by this material. As long as this material remains in readily weapon-usable form, it will:
continue to be vulnerable to theft (by parties other than the possessor state) and diversion (by the possessor state) for use in nuclear weapons (which we call the direct risks);
send the signal that a reversal of current arms reductions remains possible, with negative consequences for arms reduction and nonproliferation efforts (the indirect risks).
The timing of disposition options is crucial to minimizing both types of risks. Minimizing the time until the start of operations to transform the surplus WPu into forms less easily used for weapons, and minimizing the time until this transformation is completed, are of obvious value in reducing the direct risks of theft and diversion. An expeditious approach reduces the indirect risks, moreover, by signaling commitment to irreversible arms reductions and seriousness in addressing proliferation hazards.
While the direct risks are significantly greater in the former Soviet Union, under current economic and political circumstances, than in the United States, the indirect risks apply equally to both countries. To reduce the risks in both categories, the two countries should proceed expeditiously, and more or less in parallel, with programs of WPu disposition that move beyond the status quo—guarded interim storage of plutonium "pits" in the form in which they emerge from weapon dismantlement—to make it significantly more difficult for this plutonium to be reused in weapons by the original possessor state or by others.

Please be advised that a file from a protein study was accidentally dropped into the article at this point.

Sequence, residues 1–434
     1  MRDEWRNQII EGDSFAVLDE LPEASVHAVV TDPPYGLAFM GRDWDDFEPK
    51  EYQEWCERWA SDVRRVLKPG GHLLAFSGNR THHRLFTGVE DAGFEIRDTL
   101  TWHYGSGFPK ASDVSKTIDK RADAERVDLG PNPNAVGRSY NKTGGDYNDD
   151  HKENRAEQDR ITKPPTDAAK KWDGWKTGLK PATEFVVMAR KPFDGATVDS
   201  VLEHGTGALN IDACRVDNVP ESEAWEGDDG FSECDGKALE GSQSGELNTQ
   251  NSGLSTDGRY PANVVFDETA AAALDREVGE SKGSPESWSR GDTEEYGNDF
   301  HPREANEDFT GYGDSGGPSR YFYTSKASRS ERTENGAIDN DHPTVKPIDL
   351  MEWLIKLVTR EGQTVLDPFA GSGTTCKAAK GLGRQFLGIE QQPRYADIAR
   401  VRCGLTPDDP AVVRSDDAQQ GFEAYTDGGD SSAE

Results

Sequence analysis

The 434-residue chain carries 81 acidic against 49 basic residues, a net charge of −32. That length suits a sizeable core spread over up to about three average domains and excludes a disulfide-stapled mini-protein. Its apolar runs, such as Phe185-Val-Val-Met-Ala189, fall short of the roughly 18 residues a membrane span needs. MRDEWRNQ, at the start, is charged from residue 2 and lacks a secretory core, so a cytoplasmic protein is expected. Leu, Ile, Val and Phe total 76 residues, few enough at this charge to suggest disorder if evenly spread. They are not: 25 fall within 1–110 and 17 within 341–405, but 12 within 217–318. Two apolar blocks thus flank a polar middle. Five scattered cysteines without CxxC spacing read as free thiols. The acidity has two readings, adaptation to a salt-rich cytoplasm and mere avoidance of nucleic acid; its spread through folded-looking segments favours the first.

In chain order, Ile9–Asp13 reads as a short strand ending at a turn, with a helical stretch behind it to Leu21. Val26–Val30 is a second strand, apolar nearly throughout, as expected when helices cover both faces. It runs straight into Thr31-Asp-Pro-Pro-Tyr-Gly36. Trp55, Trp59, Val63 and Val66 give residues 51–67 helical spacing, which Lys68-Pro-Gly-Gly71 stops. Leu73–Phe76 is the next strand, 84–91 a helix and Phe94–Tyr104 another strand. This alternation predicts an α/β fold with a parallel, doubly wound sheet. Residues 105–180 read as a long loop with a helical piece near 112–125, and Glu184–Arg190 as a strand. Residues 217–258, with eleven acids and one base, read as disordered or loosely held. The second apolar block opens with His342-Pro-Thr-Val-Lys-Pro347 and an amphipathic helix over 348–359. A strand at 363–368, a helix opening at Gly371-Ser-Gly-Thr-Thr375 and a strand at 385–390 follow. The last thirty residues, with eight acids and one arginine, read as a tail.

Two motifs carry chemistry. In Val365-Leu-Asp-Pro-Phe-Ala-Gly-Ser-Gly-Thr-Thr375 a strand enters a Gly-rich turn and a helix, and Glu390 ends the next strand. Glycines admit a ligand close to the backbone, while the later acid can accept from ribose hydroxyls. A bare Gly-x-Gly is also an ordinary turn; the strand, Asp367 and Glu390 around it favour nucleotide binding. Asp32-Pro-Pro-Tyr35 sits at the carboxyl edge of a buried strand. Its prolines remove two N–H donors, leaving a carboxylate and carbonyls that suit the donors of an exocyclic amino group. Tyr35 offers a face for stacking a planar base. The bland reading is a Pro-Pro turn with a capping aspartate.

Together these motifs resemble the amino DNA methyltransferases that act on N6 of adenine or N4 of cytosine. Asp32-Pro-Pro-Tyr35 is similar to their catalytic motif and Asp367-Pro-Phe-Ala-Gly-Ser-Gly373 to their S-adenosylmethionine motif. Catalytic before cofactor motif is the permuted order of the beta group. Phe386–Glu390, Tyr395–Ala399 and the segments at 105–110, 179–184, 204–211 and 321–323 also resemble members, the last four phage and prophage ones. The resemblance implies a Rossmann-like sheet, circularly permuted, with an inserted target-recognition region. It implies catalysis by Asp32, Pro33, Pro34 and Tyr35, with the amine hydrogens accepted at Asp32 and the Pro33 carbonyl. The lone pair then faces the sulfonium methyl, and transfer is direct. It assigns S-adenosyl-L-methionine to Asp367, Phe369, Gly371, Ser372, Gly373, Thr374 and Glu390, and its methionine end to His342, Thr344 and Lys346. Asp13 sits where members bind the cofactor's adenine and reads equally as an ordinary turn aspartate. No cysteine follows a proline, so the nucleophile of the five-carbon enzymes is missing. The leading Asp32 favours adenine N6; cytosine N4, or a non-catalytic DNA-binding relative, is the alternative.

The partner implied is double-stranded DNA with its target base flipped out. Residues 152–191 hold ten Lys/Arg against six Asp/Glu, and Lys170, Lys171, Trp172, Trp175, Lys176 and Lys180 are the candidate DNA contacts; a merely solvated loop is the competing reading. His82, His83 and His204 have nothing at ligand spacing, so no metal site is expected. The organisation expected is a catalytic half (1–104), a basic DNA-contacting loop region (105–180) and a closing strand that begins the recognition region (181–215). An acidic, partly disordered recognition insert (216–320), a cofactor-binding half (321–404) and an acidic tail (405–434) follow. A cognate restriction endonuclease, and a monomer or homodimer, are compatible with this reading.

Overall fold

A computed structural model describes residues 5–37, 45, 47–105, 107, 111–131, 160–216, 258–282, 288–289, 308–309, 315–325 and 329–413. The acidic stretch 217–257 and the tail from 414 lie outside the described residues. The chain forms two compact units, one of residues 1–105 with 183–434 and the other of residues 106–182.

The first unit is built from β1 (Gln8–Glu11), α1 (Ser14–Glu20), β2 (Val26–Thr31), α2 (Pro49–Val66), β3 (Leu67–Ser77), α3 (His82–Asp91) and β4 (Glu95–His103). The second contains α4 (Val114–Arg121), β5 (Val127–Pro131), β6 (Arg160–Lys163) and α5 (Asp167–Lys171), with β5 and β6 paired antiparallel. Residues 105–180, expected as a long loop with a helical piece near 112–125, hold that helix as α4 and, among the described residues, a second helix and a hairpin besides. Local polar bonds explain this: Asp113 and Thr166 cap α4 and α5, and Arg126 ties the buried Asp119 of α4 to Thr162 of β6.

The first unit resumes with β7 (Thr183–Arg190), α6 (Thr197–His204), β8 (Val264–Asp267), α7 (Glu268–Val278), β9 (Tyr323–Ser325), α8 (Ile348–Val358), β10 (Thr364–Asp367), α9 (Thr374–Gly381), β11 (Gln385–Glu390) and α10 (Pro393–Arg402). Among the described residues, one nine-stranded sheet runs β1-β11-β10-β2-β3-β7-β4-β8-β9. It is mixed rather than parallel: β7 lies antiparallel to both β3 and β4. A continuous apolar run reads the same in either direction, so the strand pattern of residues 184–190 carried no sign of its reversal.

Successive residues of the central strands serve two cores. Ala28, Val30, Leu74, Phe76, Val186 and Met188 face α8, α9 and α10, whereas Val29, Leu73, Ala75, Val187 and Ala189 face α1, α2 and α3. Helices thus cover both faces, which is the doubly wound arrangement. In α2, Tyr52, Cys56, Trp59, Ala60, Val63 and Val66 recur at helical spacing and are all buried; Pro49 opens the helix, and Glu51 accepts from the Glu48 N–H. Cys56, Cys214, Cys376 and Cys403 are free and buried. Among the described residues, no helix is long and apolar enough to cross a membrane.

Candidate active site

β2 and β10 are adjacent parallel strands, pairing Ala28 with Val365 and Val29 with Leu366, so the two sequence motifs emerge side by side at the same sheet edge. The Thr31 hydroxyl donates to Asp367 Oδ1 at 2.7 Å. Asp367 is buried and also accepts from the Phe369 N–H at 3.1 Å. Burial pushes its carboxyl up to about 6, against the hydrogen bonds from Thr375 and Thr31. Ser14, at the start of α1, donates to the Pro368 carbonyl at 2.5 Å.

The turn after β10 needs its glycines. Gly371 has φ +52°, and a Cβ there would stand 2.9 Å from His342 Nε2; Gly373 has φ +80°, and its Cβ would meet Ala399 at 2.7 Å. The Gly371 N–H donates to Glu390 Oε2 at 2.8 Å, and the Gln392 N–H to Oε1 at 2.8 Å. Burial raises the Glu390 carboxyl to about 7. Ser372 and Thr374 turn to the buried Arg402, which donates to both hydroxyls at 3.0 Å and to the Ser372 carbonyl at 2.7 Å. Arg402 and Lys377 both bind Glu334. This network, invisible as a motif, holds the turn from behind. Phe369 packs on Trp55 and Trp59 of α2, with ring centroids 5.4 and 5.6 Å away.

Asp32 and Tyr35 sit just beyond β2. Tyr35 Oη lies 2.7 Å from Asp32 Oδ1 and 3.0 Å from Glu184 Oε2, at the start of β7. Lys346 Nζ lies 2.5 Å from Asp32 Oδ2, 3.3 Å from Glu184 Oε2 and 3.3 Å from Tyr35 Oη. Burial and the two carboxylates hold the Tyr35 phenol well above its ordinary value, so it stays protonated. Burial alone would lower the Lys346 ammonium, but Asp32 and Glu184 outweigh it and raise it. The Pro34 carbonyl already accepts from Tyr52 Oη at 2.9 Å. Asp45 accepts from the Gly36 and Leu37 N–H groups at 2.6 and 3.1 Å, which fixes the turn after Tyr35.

In considering the options for using irradiation in nuclear reactors or immobilization with reactor wastes to provide such barriers, the panel has addressed, on a comparative basis, technological readiness, institutional requirements, economics, and environment, safety, and health. We have given the greatest weight, however, to the security characteristics of the various options—their capacity to reduce rapidly the direct and indirect security risks posed by prolonged storage of the plutonium as pits, while minimizing any new security risks arising from the disposition options themselves. (The task of comparing those long-term disposition options within the panel's purview with other options, as well as the task of comparing all these options with indefinite storage, was left to the parent committee.)
The panel recommends that the goal for WPu disposition operations to be undertaken in the next few decades should be to meet what this panel and the parent committee call the "spent fuel standard." This means making the excess WPu roughly as inaccessible for weapons use as the much larger and growing